Pundits also argued that once the authoritarian ruler was gone, Iraq would blossom into a showcase of peace and democracy that would inspire transformation throughout the region. I wanted to believe it. Once they had a choice, why wouldn't they pursue our way of life? It's clearly better!



Instead, we've spent more than a decade fighting feuding factions that most Americans have never heard of — and still can't name.

When pro-war pundits did admit to uncertainty about what would happen in Iraq, it was often to stoke fear about what would happen if we didn't intervene. Saddam might use chemical weapons! Saddam might get nukes! Well, maybe.

I'm glad Saddam is gone, and Iraqis are better off. But the masses yearning to breathe free turned out to include more troublemakers than we expected.

I don't trust John Kerry, but I'll accept his claim that Syria's leaders probably used chemical weapons to kill 1,400 people. Horrible.

But are we going to enforce a "red line" to tell dictators that if they murder their people, they better use conventional weapons?

Even if that's the goal, our options are limited. Maybe we'll:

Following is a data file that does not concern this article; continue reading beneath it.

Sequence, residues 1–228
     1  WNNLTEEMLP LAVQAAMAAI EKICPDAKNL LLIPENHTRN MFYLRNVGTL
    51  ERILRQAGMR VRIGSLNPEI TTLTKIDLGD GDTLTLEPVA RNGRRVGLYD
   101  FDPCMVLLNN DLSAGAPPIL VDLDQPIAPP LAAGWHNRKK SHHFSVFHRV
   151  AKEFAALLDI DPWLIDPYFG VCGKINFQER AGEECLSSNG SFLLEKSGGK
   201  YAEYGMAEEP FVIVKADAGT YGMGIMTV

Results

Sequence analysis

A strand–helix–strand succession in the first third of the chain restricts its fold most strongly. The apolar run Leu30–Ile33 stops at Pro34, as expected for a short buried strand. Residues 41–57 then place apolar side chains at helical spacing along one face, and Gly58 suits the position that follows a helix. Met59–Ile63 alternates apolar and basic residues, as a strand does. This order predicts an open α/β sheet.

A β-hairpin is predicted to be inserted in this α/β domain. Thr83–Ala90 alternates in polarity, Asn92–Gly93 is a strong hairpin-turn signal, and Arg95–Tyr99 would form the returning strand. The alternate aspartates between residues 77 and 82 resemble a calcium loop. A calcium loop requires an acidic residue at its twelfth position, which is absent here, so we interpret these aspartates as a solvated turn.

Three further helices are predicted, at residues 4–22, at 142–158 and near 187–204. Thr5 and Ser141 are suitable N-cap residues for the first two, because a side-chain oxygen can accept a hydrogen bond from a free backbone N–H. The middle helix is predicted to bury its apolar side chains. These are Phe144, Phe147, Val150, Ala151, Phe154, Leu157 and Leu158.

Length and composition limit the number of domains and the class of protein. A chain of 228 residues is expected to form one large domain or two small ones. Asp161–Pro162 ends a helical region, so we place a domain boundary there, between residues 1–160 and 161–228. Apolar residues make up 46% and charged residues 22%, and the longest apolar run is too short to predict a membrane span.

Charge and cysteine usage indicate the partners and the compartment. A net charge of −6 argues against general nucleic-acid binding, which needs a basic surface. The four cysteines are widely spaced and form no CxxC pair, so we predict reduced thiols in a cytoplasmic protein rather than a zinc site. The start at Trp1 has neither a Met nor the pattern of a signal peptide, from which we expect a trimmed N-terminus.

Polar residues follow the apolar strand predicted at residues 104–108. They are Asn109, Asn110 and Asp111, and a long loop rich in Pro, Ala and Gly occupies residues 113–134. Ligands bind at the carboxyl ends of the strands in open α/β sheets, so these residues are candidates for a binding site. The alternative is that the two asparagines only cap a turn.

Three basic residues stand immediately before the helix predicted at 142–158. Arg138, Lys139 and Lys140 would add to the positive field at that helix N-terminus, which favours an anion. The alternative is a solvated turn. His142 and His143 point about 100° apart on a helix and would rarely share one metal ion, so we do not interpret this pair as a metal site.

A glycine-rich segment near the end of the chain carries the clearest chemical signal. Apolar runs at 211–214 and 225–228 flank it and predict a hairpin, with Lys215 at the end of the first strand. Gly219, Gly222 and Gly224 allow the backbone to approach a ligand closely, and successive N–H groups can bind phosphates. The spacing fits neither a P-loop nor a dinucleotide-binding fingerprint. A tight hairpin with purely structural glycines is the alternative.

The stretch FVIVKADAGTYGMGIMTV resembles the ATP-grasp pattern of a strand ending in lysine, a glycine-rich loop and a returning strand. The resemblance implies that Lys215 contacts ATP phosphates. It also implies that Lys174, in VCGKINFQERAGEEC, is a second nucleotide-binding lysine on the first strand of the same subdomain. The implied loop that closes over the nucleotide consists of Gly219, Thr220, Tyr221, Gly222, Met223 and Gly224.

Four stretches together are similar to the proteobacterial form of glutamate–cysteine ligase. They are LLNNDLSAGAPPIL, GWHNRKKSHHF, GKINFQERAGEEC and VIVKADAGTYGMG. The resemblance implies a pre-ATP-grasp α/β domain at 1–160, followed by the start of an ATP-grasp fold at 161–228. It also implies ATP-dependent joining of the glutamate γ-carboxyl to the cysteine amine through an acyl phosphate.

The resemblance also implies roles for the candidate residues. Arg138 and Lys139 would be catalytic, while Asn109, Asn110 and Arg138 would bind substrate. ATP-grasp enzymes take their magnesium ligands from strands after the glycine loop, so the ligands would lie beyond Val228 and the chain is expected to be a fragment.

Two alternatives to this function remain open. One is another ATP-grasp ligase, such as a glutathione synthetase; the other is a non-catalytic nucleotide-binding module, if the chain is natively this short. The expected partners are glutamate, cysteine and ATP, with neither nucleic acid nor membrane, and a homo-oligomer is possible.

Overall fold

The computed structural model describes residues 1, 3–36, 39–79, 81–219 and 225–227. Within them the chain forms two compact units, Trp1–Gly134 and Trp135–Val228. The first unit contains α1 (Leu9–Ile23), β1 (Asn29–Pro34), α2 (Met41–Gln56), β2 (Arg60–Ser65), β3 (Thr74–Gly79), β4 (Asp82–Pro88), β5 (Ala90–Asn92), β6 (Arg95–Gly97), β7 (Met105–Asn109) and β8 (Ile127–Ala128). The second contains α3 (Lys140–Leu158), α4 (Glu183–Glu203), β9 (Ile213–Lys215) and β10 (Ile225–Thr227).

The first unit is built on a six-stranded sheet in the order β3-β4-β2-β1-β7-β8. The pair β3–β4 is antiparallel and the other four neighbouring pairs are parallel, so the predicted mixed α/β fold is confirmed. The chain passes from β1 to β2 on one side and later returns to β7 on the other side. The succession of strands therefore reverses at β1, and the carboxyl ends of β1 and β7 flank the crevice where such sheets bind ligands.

—Lob a few cruise missiles, like Bill Clinton did in Sudan.

—Hit Assad's compound, killing hundreds of innocents, without killing Assad.

—Kill Assad himself and then ... what?

President Obama argues that limited intervention in Syria might accomplish good more quickly and cheaply than our efforts in Iraq did. He said he wants a two-day engagement instead of months of fighting.

But we thought that would happen in Iraq, too. We didn't foresee years of civil war. What do we fail to foresee now? More intervention from Russia? China? Iran? World war?

Even if the conflict remains localized and contained — a dangerous assumption in the "fog of war" — we can't assume that a new government will be more democratic or tolerant than Assad's regime.

We already know that the rebel forces include factions allied with al-Qaida. Some of those people execute Christians and want to replace Assad's repressive but multi-faith regime with Islamic totalitarianism. If they murder Christians while still fighting Assad, what will they do once in power?

Years ago, al-Qaida (and Osama bin Laden) gained power because America funded "rebels" fighting the Russians in Afghanistan.

Given what happened on Sept. 11, 2001, there are worse things than leaving murderous Russian-backed governments in place.

I hate Assad. I hate what's happened in Syria. I also hate what happened in Rwanda and Darfur and what still happens in Somalia, China, Russia, Zimbabwe and so on. But there's just not much we can do about it without making new enemies and exacerbating America's coming bankruptcy. America cannot police the world and shouldn't try.

Defense should mean defense. Unless we are attacked, we shouldn't go to war.

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© 2013, by JFS Productions, Inc. Distributed by Creators Syndicate, Inc.